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In spiritual terminology, piety is a virtue. While different people may understand its meaning differently, it is generally used to refer either to religious devotion or to spirituality, or often, a combination of both. A common element in most conceptions of piety is humility.

Contents

Etymology

The word piety comes from the Latin word pietas, the noun form of the adjective pius (which means "devout" or "good"). Pietas in traditional Latin usage expressed a complex, highly valued Roman virtue; a man with pietas respected his responsibilities to other people, gods and entities (such as the state), and understood his place in society with respect to others.

The Latin term in turn may derive from "Piodasses", an ancient Greek transliteration of the Indic Prakrit term "Piyadasi", meaning "beloved of the Gods", a term by which the Indian Maurya Emperor Ashoka the Great referred to himself in the Edicts of Ashoka (3rd century BC).[1]

Use

Piety in modern English usage can refer to a way to win the favor or forgiveness of God, According to some, this type of piety does not necessarily require the spiritual piety, while others refrain from distinguishing the two.

It is also used by others to refer only to external signs that result from the spiritual aspect of piety. That is, according to some, if one is "truly" pious (in the spiritual sense), the natural and inevitable result of it will be religious piety. By this definition, then, piety can be either genuine, in that it springs from spiritual piety, or false, in that it is an attempt to exhibit the signs of piety for their own sake, or for some other reason, (such as propitiation or public esteem).

In Catholicism and Anglicanism, piety is one of the Seven gifts of the Holy Spirit.

Piety can be demonstrated by position or state of mind, such as prayer the most famous Piety hand position is Christian Joining of Hands and Muslims bowing down to prayer.piety

References

See also

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Quotes

Up to date as of January 14, 2010

From Wikiquote

Quotes about piety:

Contents

Sourced

Dictionary of Burning Words of Brilliant Writers (1895)

Quotes reported in Josiah Hotchkiss Gilbert, Dictionary of Burning Words of Brilliant Writers (1895).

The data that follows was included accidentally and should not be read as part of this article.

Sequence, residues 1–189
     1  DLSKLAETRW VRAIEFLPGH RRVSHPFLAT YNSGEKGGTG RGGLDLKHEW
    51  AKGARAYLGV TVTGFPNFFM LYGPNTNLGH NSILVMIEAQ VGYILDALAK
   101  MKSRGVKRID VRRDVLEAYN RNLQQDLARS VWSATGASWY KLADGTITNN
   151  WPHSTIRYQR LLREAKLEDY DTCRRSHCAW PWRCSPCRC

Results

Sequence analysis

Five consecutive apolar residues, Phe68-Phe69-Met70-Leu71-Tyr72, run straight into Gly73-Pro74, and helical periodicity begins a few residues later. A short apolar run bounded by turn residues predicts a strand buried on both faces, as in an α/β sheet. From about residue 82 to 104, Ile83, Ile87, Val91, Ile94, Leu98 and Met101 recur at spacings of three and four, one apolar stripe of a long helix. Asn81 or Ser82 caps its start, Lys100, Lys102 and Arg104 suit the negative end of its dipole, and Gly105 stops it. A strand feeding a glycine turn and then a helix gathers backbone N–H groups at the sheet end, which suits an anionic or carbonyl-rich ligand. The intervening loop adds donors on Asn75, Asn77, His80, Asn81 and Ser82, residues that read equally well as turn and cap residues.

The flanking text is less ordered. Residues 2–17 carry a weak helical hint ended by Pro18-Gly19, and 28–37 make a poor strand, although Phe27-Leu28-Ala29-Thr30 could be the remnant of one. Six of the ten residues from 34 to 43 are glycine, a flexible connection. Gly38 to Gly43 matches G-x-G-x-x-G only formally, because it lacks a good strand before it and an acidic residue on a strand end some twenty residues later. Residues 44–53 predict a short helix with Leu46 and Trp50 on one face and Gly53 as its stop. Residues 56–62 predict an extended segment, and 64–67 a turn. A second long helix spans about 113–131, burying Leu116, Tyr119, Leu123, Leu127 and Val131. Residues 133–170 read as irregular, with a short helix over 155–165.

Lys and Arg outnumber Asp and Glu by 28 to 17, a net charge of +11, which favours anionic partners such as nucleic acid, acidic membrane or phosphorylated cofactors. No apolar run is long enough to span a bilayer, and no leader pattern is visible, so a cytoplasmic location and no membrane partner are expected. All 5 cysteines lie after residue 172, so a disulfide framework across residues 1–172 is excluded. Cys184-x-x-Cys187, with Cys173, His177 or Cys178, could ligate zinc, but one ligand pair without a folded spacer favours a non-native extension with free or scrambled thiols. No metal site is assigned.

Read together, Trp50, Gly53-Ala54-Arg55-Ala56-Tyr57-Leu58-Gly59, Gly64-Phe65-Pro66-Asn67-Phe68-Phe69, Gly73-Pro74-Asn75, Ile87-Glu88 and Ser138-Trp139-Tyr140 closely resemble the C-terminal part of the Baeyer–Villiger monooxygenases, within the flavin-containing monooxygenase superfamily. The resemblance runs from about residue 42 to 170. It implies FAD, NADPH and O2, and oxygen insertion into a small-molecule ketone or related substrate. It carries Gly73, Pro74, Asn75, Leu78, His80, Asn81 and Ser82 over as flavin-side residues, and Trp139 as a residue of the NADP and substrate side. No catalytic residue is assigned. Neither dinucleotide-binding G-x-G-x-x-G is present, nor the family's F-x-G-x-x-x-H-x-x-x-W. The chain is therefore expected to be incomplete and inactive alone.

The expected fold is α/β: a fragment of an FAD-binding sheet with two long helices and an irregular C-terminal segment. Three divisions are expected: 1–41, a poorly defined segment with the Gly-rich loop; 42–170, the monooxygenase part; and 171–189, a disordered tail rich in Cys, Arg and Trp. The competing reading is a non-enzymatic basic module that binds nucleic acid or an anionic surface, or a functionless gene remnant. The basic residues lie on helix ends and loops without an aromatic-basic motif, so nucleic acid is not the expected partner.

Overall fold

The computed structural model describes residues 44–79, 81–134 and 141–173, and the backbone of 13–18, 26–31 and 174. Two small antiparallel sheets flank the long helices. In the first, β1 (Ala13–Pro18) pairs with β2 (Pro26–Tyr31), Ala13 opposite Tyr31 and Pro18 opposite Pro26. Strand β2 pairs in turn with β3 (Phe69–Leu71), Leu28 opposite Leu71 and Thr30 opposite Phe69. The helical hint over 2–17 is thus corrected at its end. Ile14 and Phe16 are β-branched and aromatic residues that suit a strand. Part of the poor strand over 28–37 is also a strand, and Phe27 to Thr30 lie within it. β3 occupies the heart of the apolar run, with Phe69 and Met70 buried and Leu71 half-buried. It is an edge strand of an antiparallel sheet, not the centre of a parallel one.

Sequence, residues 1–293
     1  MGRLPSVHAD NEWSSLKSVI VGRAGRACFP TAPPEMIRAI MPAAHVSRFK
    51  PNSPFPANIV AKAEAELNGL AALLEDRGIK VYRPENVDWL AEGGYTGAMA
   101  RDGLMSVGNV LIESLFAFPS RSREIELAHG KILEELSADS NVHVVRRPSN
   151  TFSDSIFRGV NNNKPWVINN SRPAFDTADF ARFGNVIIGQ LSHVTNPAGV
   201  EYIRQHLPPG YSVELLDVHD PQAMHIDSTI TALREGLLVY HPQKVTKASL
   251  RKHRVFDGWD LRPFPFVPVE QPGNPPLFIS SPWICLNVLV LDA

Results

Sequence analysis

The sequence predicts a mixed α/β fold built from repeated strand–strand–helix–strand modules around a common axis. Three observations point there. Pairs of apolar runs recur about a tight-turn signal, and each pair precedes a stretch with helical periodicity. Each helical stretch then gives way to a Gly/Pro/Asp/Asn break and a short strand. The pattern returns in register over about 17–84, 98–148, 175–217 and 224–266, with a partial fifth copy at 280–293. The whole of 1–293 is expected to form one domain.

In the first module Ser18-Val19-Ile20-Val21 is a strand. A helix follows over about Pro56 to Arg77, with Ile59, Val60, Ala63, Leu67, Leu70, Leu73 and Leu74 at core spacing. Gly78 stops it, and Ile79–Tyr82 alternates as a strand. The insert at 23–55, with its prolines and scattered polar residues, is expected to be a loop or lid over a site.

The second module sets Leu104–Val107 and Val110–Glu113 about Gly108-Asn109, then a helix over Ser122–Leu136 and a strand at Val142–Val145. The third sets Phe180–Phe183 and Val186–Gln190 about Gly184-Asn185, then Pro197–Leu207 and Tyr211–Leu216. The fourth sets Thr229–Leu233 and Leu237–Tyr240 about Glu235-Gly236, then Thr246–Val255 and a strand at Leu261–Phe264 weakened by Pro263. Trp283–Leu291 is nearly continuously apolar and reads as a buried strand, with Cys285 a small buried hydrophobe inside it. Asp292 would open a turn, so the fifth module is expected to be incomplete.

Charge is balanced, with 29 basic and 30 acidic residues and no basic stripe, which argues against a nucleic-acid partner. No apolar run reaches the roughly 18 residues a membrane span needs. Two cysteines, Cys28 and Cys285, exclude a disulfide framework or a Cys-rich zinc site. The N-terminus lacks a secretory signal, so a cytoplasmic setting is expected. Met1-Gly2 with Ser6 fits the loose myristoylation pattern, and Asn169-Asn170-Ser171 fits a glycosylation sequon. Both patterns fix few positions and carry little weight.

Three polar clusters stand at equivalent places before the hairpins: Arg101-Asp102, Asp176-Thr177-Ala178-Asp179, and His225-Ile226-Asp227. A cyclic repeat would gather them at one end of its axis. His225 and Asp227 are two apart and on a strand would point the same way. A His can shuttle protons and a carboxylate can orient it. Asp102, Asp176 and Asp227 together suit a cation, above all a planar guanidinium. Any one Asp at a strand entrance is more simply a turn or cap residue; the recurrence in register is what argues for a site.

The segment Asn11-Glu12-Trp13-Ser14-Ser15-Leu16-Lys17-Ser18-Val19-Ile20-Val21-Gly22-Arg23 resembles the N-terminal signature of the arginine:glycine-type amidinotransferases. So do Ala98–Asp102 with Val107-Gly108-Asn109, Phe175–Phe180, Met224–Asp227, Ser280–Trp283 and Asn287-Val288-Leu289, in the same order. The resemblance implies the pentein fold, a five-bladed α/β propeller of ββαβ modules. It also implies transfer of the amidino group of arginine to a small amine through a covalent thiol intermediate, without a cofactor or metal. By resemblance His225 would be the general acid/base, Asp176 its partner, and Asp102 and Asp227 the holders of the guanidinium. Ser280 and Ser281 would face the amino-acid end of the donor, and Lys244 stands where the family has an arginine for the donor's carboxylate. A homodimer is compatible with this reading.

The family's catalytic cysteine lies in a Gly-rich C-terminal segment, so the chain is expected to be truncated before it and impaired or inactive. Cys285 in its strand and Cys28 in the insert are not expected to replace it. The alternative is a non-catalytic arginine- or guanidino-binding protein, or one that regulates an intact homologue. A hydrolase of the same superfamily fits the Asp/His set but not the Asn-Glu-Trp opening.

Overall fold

• Piety does not mean that a man should make a sour face about things, and refuse to enjoy in moderation what his Maker has given.
  • In theory, piety is reverence and love for God; and in practice, it is the exercise of all our powers in obedience to the Divine will. Combining the theory and practice, we have the richest treasure known on earth — love for God shown in obedience to God.
    • D. W. Gates, p. 452.
  • In periods that are wanting in inspiration piety always assumes the character of caution. It degenerates from a free and joyful devotion to a melancholy and anxious slavery.
    • J. H. Seel Ye, p. 452.
  • What you cannot lift before His pure eyes and think of Him while you enjoy, is not for you. Friendship, schemes, plans, ambitions, amusements, speculations, studies, loves, businesses — can you call on the name of the Lord while you put these cups to your lips? If not, fling them behind you.
  • Christian piety annihilates the egotism of the heart; worldly politeness vails and represses it.
  • There is no piety in the world which is not the result of cultivation, and which cannot be increased by the degree of care and attention bestowed upon it.
  • Young men, you who have any piety at all, what sort is it? Is it a hot-house plant, which must be framed and glassed, lest March, that bold young fellow, should shake the life out.of it in his rough play among the flowers? or is it a hardy shrub, which rejoices when the wild winds course along the heather or howl above the crest of Lebanon ' We need, believe me, the bravery of godliness to bear true witness for our Master now.
  • Young men, terminate, I beseech you, in your own experience, the sad divorce which has too often existed between intellect and piety. Take your stand, unswerving, heroic, by the altar of truth; and from that altar let neither sophistry nor ridicule expel you. Let your faith rest with a child's trust, with a martyr's grip, upon the truth as it is in Jesus.
  • The great moral lesson which Saul's history leaves for the instruction of mankind is this: That without true piety the finest qualities of character and the highest position in society will utterly fail to make a true and noble man. If Saul's heart had been true to God, he would have been one of the grandest specimens of humanity; but, lacking this true obedience to God, he made his life an utter failure, and his character amoral wreck.
  • The piety that keeps the Sabbath with a great zeal of devotion, yet fails to keep its possessor honest on Monday, is not the kind that is stamped in the mint of heaven.